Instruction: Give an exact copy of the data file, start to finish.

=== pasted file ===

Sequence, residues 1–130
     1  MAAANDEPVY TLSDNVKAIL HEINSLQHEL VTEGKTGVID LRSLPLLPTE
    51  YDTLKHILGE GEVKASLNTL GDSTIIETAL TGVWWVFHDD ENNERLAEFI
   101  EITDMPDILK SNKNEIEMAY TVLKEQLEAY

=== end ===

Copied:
Sequence, residues 1–130
     1  MAAANDEPVY TLSDNVKAIL HEINSLQHEL VTEGKTGVID LRSLPLLPTE
    51  YDTLKHILGE GEVKASLNTL GDSTIIETAL TGVWWVFHDD ENNERLAEFI
   101  EITDMPDILK SNKNEIEMAY TVLKEQLEAY